Wednesday, September 22, 2021

RANT TIME: Why do replies to a message I sent go to my spam folder?

Despite what one would think/hope, sending a message to a given address does not inherently give Google a high confidence that a reply from this address is expected (and, for example, that it should bypass spam checks). I have confirmed with Google's tech support that there is no way to automatically have this happen. The user can do the following:

1. Add the address to your contacts list in Gmail.

2. Check spam folder for replies, and mark it as "not spam" if something ends up there, which should influence the fate of future replies received. I can also approve an address at the domain level, i.e. if it is a big vendor or similar. I've had to do this with several of our Chinese vendors. I regularly ask engineering and purchasing to give me a list of the supplies we deal with, so I can approve them as a preventative measure.

For what it's worth, all of the false positive instances of reply -> spam we have experienced have involved the sender's email server having a problem. In the most recent case, it appears that the sender IP address appears on at least two internet blacklists. Since that is beyond my control, but we are trying to do business with these people, I can only add the domain to the approved senders list so that future replies from them should bypass the checks. However, if another company with a problematic email server replies to one of us, their message could very well still end up being marked spam.

Since Google can't help us, I am trying to figure out some kind of human process to defend against this, but to getting to a 0% false positive rate looks kind of ugly.  One idea I had is to make a script that is invoked when a user sends a message, and somehow adds the recipient address  to their contacts and/or some sort of approved sender list. 

Has anyone done this?

Thursday, May 27, 2021

Windows 10: Get rid of Microsoft Teams Auto Startup (from a script)

Situation:

You have installed Microsoft Office on your computer.  Whenever you logon to the computer, you see a Microsoft Teams splash that asks you to login, which you have to close every time if you choose not to login.

Possible remedy:

You can go into task manager, click the "Startup" tab, click Microsoft Teams, right-click and disable.  However, this doesn't work permanently as it will come back if you update or reinstall Office.  Also, other users who login to the computer will still get the Microsoft Teams thingy loading automatically at startup.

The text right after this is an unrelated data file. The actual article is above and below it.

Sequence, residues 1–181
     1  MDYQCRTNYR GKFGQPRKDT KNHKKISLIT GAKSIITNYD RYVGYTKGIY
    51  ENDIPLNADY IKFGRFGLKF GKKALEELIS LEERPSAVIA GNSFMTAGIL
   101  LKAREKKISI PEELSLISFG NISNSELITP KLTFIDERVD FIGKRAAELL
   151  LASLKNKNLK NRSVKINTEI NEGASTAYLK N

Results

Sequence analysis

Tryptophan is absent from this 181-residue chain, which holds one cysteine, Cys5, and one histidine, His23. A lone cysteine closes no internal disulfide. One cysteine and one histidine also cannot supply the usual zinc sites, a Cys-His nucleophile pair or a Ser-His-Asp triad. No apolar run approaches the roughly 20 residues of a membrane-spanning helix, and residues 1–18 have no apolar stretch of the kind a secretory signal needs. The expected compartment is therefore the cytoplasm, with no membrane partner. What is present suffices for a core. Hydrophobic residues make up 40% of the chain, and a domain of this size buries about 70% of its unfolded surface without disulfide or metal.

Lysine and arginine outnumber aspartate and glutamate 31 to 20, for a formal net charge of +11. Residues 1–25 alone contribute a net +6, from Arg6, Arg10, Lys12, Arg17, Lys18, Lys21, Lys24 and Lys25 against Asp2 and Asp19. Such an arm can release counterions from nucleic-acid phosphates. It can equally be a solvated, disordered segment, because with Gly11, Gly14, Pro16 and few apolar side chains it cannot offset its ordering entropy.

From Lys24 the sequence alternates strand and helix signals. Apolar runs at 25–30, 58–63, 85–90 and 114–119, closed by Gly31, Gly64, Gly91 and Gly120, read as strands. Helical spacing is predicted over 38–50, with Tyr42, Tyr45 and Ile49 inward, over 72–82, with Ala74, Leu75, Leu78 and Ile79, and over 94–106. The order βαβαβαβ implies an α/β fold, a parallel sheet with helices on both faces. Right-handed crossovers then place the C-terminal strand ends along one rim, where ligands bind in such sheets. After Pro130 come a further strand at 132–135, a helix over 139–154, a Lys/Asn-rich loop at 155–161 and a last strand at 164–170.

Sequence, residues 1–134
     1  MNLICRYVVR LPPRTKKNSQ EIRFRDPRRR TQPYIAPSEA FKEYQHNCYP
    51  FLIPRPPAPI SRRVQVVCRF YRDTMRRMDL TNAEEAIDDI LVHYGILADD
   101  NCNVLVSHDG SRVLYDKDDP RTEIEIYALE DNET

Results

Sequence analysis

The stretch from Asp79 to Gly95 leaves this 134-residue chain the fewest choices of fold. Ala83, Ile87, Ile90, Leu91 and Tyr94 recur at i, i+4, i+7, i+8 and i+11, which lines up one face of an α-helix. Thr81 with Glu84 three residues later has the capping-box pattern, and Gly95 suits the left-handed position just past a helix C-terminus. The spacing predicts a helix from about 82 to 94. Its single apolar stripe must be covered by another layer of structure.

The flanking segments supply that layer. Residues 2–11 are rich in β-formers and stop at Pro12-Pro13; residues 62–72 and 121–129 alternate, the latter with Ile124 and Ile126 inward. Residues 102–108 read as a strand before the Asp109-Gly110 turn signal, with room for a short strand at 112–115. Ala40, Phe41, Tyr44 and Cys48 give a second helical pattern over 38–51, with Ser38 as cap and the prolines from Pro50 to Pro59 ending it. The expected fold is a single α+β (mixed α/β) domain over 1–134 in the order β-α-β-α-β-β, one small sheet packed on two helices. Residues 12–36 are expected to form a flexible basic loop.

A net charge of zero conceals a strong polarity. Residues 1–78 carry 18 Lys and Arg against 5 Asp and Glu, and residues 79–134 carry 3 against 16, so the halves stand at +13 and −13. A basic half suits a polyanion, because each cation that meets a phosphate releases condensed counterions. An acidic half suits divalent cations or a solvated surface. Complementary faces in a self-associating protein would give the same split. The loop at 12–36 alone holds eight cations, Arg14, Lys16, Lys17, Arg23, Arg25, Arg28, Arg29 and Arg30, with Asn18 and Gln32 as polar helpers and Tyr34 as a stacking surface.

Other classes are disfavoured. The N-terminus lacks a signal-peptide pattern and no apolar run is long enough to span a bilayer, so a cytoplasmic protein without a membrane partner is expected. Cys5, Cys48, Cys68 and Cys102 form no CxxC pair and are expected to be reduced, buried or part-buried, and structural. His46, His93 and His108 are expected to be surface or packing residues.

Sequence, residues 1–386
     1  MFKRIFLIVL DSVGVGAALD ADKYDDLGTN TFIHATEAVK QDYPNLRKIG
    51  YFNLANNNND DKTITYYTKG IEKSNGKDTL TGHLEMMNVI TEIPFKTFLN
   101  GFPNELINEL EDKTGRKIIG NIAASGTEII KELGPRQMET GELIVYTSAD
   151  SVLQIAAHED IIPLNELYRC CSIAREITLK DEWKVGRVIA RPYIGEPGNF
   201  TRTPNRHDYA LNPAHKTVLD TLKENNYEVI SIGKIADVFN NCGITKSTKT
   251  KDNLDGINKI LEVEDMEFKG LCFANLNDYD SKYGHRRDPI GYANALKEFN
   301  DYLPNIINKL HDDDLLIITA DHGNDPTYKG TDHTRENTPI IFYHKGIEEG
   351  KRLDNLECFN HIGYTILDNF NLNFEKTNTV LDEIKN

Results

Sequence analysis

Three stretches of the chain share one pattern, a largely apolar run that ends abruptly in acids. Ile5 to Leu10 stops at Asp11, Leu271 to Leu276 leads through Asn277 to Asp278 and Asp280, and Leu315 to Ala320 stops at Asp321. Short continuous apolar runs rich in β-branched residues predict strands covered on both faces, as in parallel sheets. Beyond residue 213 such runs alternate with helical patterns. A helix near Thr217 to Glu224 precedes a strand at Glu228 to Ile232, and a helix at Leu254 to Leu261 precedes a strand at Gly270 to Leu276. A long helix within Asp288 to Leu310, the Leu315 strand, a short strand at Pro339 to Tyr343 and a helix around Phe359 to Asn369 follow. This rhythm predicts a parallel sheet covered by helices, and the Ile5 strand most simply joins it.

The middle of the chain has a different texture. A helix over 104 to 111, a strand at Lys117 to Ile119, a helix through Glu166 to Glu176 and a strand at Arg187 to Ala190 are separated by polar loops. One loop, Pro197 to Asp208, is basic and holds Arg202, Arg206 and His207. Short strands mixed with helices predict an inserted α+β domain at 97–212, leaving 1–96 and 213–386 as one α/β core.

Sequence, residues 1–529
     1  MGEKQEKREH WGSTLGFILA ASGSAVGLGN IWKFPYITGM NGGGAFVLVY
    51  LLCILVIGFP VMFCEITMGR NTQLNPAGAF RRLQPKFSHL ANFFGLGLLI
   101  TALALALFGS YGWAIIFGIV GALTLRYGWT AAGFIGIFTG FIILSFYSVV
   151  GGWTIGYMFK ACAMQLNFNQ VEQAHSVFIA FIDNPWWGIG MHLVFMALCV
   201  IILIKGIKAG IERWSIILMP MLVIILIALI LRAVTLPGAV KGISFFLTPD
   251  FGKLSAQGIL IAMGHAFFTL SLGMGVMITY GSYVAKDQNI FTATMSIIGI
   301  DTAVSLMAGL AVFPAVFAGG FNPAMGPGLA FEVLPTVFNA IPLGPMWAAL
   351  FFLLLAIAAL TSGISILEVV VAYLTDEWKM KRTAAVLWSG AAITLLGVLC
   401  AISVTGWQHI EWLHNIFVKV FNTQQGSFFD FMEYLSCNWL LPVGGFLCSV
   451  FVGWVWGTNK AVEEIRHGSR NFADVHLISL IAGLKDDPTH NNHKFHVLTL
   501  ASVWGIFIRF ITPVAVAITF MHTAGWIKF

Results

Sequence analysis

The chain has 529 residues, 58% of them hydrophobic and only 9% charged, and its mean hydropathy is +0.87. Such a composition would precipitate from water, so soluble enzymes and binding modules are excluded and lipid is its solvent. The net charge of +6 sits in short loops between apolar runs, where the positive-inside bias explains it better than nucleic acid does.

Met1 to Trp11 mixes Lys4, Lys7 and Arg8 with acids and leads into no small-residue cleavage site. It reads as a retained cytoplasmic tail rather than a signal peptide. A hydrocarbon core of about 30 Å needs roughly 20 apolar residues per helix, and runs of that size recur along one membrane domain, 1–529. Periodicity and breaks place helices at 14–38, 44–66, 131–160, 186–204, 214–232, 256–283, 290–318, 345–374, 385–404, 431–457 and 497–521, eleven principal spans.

"Real" fix:

Add this to a user logon script, such as your domain logon script*:

REM Delete Microsoft Teams Auto startup reg key 
reg delete HKEY_CURRENT_USER\SOFTWARE\Microsoft\Windows\CurrentVersion\Run /v "com.squirrel.Teams.Teams" /f

That second bit is all supposed to be on one line.

*if you don't have a domain logon script, you can just put this in a .bat file and stick into 
C:\ProgramData\Microsoft\Windows\Start Menu\Programs\StartUp

Now every time someone logs in, the Teams startup will be automatically removed, so that will be the last time they see it.

Monday, March 15, 2021

Scammers can bypass your Google Workspace Safety Checks

A major source of headache for system administrators these days, and has been for some time, is the uptick in phishing messages that fake the sender address so it appears to be from someone within your organization. If you are like me, this is one of the things that keeps you awake at night. Organizations using Google Workspace can take advantage of a safety feature that purports to prevent this from reaching users. You can access its settings from within the admin console under Apps->Gmail->Settings->Safety.




Unfortunately, there are still a ton of legit e-mail servers that don't authenticate, so that safety feature is not going to be very helpful.  However you can enable the checks that detect someone trying to send a message with an employee's e-mail address, your domain (or a variation on it) or even an employee's name.  These are very common attacks, and such checks regularly prevent nefarious messages from reaching our end users.  

The problem is, due to a poorly-planned filter architecture on Google's part, this whole mechanism can be bypassed, allowing a spoofed message to end up in a spam queue that is managed by an end-user.  

Google Workspace Filter Architecture places spam filters and queues ahead of "safety features" such as spoof checks.

As you can see in the diagram above, the spoof checks are effectively circumvented when they are sent to a group.  A moderator will see the message in the group's spam queue, AKA "Pending messages".  If they approve the message, it will then go through the safety checks, but by then the group manager has already seen it, and may act on it.